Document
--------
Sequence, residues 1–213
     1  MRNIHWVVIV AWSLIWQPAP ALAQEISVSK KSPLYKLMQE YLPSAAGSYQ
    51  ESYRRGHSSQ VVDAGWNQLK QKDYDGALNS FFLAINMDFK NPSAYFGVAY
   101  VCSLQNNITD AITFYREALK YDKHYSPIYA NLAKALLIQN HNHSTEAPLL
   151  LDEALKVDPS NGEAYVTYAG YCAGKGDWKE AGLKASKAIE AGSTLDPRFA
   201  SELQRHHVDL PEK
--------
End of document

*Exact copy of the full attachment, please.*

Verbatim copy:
Sequence, residues 1–213
     1  MRNIHWVVIV AWSLIWQPAP ALAQEISVSK KSPLYKLMQE YLPSAAGSYQ
    51  ESYRRGHSSQ VVDAGWNQLK QKDYDGALNS FFLAINMDFK NPSAYFGVAY
   101  VCSLQNNITD AITFYREALK YDKHYSPIYA NLAKALLIQN HNHSTEAPLL
   151  LDEALKVDPS NGEAYVTYAG YCAGKGDWKE AGLKASKAIE AGSTLDPRFA
   201  SELQRHHVDL PEK